Don't Bother Me, I Can't Cope at City Center Encores! Off Center
by Mo Brady
In Don’t Bother Me, I Can’t Cope, the first person onstage is Shonica Gooden. With a frantic cross towards the downstage right corner, she stops suddenly at the edge of the stage to dance. Her expressive face shows levels of anguish, and yet she does not speak a word.
The music in Don’t Bother Me, I Can’t Cope seems both familiar and new, as if you’ve known it even if you’ve never heard it before. Led in the Encores! Off Center production by powerhouses Aisha de Haas and Wayne Pretlow, the song cycle is simultaneously simple and surprisingly poignant.
For the majority of the show, Gooden performs as part of a quintet of female dancers, portraying club goers, militants and street workers. It isn’t until 45 minutes into the performance that she opens her mouth. And for three minutes, she holds the audience in the palm of her hand with a simple, soulful performance of “So Little Time.”
A member of the show’s ensemble, Gooden is a true triple threat. In the seven years since she graduated from Point Park University, she’s performed in four Broadway musicals. She was of the first replacements in the New York company of Hamilton and originated the role of Rumpleteazer in the recent Broadway revival of Cats. With credits ranging from concert dance to feature films, she sings, dances and acts with unequivocal proficiency.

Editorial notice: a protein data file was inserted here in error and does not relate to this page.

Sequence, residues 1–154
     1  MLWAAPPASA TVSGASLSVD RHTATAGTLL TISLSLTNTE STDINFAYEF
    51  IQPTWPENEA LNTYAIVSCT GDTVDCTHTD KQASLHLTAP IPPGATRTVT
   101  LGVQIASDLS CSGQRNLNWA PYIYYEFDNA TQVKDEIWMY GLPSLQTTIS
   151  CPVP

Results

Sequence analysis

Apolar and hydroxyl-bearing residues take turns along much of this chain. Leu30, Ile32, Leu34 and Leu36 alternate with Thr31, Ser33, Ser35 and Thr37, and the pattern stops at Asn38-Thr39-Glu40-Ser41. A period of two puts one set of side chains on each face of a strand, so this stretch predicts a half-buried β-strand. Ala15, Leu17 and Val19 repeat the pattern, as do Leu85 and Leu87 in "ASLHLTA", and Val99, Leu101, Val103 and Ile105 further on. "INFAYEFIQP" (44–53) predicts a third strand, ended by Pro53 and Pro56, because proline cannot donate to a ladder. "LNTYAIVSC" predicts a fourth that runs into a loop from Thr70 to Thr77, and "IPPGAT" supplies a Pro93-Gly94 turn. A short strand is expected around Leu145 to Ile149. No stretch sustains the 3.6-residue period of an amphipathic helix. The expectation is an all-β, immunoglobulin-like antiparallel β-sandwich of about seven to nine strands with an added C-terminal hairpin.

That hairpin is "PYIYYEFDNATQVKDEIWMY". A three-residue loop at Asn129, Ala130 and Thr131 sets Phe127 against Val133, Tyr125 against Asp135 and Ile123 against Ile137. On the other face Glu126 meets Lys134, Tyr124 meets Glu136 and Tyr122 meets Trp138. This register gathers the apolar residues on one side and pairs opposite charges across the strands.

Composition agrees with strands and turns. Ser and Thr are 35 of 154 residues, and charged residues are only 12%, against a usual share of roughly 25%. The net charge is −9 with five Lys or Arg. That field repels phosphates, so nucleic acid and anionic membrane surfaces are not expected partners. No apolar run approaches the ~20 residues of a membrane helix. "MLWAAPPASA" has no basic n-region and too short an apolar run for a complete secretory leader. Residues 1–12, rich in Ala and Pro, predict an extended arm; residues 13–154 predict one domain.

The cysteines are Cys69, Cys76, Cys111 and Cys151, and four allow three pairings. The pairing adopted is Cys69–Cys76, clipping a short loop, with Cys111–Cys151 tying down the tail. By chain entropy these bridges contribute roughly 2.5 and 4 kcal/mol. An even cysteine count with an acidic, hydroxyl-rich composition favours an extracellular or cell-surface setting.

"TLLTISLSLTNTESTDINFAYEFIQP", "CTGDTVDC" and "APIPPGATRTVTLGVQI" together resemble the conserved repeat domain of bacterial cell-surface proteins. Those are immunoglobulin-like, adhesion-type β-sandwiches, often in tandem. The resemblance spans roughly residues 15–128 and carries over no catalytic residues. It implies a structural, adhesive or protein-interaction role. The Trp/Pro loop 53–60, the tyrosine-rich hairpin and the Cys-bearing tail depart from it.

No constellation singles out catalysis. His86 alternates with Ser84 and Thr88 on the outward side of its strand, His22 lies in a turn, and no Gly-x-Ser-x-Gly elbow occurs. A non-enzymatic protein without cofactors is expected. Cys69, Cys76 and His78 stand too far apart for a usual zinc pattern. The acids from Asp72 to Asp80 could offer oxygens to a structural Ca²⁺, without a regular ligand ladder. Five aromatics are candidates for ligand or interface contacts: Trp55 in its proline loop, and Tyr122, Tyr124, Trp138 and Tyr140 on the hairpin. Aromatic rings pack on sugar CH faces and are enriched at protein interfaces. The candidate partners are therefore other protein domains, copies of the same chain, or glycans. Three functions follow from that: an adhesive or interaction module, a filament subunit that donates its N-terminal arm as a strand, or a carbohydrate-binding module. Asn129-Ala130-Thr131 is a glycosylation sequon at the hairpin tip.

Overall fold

But part of what makes “So Little Time” so effective is that it is the first time we hear Gooden sing by herself. Stepping out of the ensemble, her soulful voice awakens the audience. For the entirety of the song, she stands onstage alone. Hearing this yet-unsung voice speak brings focus and clarity to words she sings and the emotions she portrays.
Similar devices have been used in musical theatre. From the stepping forward of Rebecca Faulkenberry in Groundhog Day to sing the revealing “Being Nancy” to Alysha Umphress’ rageful rendition of “Too Much Too Soon” in American Idiot, featuring an ensemblist in a show’s second half can be a remarkably effective device.
What makes “So Little Time” so haunting is that it’s the first time we’ve heard Gooden on her own. Her character has chosen to stay silent until this moment, when she can no longer hold her feelings in. When the words she sings are so important to her that she breaks her silence - and the device that the show has set up until that point - those words become that much more important to audiences as well.